Aswany launches into a description of the Muslim Brotherhood's history: It was a terrorist movement from 1928 until 1965, he said, and assassinated the Egyptian prime minister in 1948. But then, starting in the 1970s, it claimed to have dedicated itself to peaceful change -- a ruse it was able to maintain, according to Aswany, until the June 30 protests against Morsy. "What we discover now is that they were lying to the Egyptian people," he said. "They have an underground, secret, armed fascist group, and people are well-trained."

This vision of the Brotherhood defines Aswany's perception of the current political crisis. He suggests a three-step program for handling the Islamist movement going forward:

First, he says, its leaders "should be brought to justice" for organizing terrorist attacks -- a step that he says has precedent in the prosecution of the militant left-wing Baader-Meinhof Group in Germany and the Basque separatist movement ETA in Spain. Second, the Egyptian Constitution must be rewritten to forbid any political parties based on religion. And third, he says, spreading his open hands wide, any Muslim Brotherhood members who did not commit violence and who pledge not to mix religion and politics should be welcomed back into the political process. It's a tall order for a group whose slogan has long been "Islam is the solution."

Aswany describes the July 3 military ouster of Morsy as "absolutely legal and absolutely democratic," arguing that the protests against the president amounted to a popular withdrawal of confidence. He castigated Barack Obama for not realizing this fact -- in his eyes, the U.S. president's support for the Muslim Brotherhood replicates America's long betrayal of the Egyptian people through its support of Mubarak. Washington, he says, turned a blind eye to Morsy's abuses: In January, when Egyptian police cracked down on an insurrection in the city of Port Said, Aswany noted that Secretary of State John Kerry "was visiting Cairo -- interestingly."

The American silence on Morsy's missteps -- from the Port Said violence to his November 2012 constitutional declaration granting himself sweeping powers -- speaks volumes for Aswany. "If I was Mr. Obama, I would fire all my specialists of the Middle East and try to get more intelligent people," he says.

Even as Egypt's security forces expanded the recent wave of arrests beyond Islamists, Aswany remained confident that the military was setting the country on the path of democracy. He has met the Army chief, Gen. Abdel Fattah al-Sisi, twice -- once after Aswany was given a "friendly invitation" to appear at the military intelligence headquarters to discuss a critical article he had written about the country's military ruler at the time, Field Marshal Mohamed Hussein Tantawi. Aswany said that he criticized the military junta for three and a half hours, "and many times I had the impression that despite the fact [Sisi] didn't say so, I had the impression that he saw my point. At the end, the atmosphere got really friendly."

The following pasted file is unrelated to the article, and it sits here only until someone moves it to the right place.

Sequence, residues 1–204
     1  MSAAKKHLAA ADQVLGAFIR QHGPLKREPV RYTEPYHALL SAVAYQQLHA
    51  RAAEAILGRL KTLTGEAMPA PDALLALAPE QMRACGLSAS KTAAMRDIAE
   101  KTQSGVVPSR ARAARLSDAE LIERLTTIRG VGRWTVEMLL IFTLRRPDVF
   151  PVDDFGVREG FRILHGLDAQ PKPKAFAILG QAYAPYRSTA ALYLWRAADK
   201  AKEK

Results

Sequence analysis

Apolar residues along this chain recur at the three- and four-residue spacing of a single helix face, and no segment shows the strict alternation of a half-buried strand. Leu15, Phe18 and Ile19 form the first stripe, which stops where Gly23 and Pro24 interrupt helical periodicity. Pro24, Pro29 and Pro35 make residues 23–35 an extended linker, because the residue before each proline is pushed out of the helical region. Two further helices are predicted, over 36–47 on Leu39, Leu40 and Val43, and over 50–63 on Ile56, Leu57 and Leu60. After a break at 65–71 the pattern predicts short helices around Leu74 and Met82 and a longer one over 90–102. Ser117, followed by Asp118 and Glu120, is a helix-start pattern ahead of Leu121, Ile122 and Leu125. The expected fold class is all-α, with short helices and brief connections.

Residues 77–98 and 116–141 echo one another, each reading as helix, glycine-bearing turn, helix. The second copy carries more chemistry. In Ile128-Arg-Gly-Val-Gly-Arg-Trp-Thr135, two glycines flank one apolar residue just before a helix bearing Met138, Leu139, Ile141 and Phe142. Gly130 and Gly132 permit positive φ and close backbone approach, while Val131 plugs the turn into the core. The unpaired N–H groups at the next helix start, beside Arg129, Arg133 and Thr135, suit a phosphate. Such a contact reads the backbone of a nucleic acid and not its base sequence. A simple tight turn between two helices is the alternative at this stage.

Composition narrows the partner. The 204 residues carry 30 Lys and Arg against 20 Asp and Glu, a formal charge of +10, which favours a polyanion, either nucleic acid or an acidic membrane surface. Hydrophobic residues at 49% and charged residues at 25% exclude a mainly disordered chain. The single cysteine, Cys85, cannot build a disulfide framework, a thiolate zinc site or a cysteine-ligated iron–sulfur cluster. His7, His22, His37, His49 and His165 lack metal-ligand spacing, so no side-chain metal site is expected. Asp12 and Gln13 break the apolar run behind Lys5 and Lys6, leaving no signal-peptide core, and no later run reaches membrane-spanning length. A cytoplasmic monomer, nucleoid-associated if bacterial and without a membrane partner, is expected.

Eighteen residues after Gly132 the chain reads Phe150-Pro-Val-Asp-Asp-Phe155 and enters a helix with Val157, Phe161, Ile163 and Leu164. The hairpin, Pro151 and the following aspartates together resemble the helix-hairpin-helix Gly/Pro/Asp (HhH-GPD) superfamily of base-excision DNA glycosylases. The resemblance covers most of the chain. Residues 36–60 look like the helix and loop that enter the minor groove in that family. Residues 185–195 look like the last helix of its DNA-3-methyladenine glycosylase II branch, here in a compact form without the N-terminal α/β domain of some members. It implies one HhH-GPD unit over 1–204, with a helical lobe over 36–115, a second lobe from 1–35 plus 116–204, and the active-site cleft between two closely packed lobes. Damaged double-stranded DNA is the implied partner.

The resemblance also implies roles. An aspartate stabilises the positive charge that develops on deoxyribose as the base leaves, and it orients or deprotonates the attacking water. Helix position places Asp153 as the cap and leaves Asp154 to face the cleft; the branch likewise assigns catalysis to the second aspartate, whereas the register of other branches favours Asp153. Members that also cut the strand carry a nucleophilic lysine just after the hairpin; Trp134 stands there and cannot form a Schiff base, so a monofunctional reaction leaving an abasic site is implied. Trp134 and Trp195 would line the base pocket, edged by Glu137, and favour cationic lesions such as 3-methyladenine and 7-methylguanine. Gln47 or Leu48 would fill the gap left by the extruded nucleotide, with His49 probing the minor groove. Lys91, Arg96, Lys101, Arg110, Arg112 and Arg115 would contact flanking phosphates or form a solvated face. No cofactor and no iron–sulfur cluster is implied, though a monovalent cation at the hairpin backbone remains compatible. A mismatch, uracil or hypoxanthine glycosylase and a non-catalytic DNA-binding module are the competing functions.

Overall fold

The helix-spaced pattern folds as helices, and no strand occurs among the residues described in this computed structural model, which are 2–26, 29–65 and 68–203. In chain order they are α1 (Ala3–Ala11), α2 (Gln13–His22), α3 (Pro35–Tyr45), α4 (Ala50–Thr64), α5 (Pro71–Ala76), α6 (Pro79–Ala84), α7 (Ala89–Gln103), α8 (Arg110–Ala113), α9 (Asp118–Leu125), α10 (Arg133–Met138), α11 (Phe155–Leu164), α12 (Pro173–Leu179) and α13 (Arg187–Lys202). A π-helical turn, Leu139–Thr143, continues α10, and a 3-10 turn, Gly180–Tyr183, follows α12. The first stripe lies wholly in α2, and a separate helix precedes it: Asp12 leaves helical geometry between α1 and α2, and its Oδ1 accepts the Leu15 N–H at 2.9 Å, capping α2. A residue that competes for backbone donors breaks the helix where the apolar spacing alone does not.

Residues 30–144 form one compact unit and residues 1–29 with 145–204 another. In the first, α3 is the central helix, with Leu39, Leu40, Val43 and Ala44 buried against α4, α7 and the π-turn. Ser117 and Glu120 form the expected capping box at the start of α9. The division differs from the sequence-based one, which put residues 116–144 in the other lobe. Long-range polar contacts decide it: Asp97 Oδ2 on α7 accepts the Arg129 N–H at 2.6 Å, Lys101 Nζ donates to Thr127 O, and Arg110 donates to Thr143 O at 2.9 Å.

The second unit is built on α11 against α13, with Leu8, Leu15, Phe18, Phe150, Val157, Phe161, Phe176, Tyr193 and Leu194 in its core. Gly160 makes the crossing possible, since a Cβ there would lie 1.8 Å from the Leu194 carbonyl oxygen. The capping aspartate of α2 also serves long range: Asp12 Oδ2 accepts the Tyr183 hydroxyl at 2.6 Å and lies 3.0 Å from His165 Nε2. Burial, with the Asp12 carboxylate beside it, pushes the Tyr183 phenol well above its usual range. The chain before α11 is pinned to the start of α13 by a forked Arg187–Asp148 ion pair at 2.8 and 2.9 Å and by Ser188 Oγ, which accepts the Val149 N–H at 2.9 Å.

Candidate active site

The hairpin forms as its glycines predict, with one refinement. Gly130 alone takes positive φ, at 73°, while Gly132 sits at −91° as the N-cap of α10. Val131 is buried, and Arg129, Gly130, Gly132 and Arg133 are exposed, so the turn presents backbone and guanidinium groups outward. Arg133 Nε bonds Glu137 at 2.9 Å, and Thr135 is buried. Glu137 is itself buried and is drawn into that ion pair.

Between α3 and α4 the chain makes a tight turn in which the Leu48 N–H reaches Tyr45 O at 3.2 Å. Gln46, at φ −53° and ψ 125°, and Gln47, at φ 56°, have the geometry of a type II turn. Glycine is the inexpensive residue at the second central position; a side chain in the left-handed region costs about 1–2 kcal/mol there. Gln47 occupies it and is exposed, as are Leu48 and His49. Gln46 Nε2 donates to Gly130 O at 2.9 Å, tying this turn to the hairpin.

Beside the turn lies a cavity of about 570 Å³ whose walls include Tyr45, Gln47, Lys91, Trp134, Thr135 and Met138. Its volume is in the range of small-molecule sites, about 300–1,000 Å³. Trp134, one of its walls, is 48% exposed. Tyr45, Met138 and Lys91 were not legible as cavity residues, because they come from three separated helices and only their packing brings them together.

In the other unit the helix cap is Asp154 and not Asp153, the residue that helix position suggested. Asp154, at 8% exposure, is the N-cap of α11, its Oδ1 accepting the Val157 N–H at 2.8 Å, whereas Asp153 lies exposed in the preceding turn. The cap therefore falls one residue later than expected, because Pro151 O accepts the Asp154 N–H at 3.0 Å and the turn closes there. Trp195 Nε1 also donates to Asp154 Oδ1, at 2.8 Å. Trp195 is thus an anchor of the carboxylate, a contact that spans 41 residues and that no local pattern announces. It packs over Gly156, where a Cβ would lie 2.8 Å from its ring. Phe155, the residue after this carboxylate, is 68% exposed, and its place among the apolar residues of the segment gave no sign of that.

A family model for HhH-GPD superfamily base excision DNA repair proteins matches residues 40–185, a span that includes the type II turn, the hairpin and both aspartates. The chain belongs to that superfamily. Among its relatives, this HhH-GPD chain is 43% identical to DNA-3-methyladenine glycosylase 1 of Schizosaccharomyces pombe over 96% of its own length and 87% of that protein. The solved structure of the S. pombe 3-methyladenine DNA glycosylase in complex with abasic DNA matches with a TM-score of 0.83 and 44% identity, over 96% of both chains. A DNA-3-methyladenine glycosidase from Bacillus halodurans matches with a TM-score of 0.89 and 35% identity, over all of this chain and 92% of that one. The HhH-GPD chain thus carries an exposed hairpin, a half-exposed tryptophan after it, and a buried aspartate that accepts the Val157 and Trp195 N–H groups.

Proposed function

Despite the trust Aswany places in Sisi -- he refers to Sisi as a "hero" -- the novelist says he would never vote for a former general as president. And he bats aside the suggestion that Egypt could once again fall under the jackboot of the military. "I believe in the people, and I believe in the revolution," he says. "When you have this will, I don't think anybody will be able to make a dictatorship in Egypt anymore."

Aswany's fiction, though, tells a different story. In The Yacoubian Building, the corrupt regime politician, Kamal el Fouli, lectures an underling as he prepares to rig a parliamentary election in his favor. "The Egyptians are the easiest people in the world to rule," he says. "The moment you take power, they submit to you and grovel to you and you can do what you want with them. Any party in Egypt, when it makes elections and is in power, is bound to win, because the Egyptian is bound to support the government. It's just the way God made him."

There must be some part of the writer who penned those lines, one suspects, who knows that the latest chapter in Egypt's drama may not have a happy ending.